MVVM Light ActivityCommand

In my last post I introduced the idea of Caliburn-style coroutines with MVVM Light. I touched on the idea of an ActivityCommand class that could be used in place of RelayCommand to allow for tighter integration with activities. Let's take a look at how that could work.

The ActivityCommand Class

First, ActivityCommand is effectively a direct copy of RelayCommand. The only things that change are the type of the "execute" lambda and the actual Execute method. Here's the gist:

private readonly IMessenger _messenger;
private readonly Func<IEnumerable<IActivity>> _execute;
private readonly Func<bool> _canExecute;

public ActivityCommand(IMessenger messenger, Func<IEnumerable<IActivity>> execute, Func<bool> canExecute)
{
    _messenger = messenger;
    _execute = execute;
    _canExecute = canExecute;
}

Since we need an instance of IMessenger later on, we have no choice but to pass one into the constructor. That's a shame, but I'd rather be passing an instance around than relying on the Messenger.Default singleton.

Here's the Execute method, which should look reasonably familiar if you've read the last post:

public void Execute(object parameter)
{
    var context = new ActivityContext(_messenger);

    var enumerator = _execute().GetEnumerator();

    bool done = !enumerator.MoveNext();
    if (done) return;

    do 
    {
        var activity = enumerator.Current;
        activity.Completed += (sender, e) =>
        {
            context.Cancel = e.Cancel;
            context.Error = e.Error;

            done = e.Cancel || e.Error != null || !enumerator.MoveNext();
        };
        activity.Execute(context);
    } while (!done);
}

So when the command executes, we loop through all the activities returned from the _execute lambda and kick them off one by one until the series is cancelled or an exception is thrown.

Now it becomes really easy to wire up our ICommand properties to a series of activities:

ShowMessageCommand = new ActivityCommand(MessengerInstance, ShowMessage);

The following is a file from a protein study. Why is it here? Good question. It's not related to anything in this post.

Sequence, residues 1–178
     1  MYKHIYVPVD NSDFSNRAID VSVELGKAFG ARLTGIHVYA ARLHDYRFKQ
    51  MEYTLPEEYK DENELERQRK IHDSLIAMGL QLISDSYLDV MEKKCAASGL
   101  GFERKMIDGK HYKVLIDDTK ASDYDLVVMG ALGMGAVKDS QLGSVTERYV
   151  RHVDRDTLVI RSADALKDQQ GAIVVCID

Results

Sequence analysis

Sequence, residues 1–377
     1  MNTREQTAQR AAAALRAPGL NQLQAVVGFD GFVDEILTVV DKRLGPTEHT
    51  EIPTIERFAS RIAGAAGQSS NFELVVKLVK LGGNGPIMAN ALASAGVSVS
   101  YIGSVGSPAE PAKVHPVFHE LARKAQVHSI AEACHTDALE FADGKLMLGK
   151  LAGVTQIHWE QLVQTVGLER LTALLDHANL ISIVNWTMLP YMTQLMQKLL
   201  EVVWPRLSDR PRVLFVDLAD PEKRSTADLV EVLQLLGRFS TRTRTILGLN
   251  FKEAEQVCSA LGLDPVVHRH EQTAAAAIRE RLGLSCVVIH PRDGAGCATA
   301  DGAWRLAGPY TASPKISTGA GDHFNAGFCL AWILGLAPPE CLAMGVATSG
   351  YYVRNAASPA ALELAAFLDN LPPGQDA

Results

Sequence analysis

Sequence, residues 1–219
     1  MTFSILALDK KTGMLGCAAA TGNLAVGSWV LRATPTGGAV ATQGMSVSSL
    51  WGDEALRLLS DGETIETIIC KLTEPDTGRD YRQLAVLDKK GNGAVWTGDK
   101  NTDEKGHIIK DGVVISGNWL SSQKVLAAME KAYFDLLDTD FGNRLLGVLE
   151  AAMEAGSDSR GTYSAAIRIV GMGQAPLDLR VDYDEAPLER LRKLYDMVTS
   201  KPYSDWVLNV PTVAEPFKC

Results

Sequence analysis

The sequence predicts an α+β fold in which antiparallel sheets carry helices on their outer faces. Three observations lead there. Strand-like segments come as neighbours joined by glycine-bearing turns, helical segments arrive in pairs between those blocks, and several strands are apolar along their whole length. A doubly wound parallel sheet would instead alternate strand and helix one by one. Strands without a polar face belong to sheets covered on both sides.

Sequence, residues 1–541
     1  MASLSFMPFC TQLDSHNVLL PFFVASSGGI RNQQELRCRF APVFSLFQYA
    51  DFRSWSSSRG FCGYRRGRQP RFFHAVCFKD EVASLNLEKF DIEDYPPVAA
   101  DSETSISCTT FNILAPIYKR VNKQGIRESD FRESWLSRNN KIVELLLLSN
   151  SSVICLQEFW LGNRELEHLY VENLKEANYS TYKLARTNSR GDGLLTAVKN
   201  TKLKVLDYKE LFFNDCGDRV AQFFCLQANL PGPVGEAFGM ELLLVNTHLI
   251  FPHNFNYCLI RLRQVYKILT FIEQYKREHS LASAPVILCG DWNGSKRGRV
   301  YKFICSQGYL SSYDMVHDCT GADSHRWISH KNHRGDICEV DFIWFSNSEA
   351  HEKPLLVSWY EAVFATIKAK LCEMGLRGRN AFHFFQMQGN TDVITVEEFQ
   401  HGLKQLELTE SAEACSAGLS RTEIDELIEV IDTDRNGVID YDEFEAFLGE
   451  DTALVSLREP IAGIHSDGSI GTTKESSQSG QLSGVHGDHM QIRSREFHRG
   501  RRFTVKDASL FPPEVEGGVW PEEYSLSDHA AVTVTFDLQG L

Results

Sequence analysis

IEnumerable<IActivity> ShowMessage()
{
    yield return new MessageBoxActivity("Hello from an activity!", "Hello World");
}

Obviously there's also a generic ActivityCommand<T> that lets you pass a parameter to the "execute" lambda, just like RelayCommand<T>.

There's one more helper class that I've introduced to simplify things slightly. There are times when, as part of a series of activities, you want to do something that's simple enough not to need its own IActivity implementation. That's where RelayActivity comes in:

The RelayActivity Class

RelayActivity is a class that implements IActivity but does nothing except executes the Action it's passed. Here's the implementation:

public class RelayActivity : IActivity
{
    public RelayActivity(Action execute)
    {
        _execute = execute;
    }

    Action _execute;

    public void Execute(ActivityContext context)
    {
        try 
        {
            _execute();
            Completed(this, new ActivityCompletedEventArgs());
        }
        catch (Exception ex)
        {
            Completed(this, new ActivityCompletedEventArgs(ex));
        }
    }

    public event EventHandler<ActivityCompletedEventArgs> Completed = delegate { };
}

Pretty straight forward. Here's a way we might use it:

IEnumerable<IActivity> ShowMessage()
{
    yield return new MessageBoxActivity("Hello from an activity!", "Hello World");
    yield return new RelayActivity(() => this.Status = "Just showed a message!");
}

So we show our message, and then immediately after we set a local property somewhere. The setting of that property is such a simple task that there's no reason to define a dedicated SetStatusActivity class for it.

So Where Are We?

Right now we have a way to define "asynchronous" tasks and execute them sequentially, and we have a way to tie that execution to an ICommand really simply.

Questions? Comments? Criticisms? Please leave me a comment!

.net mvvm wpf coroutines
Posted by: Matt Hamilton
Last revised: 28 Jul, 2017 06:55 PM History

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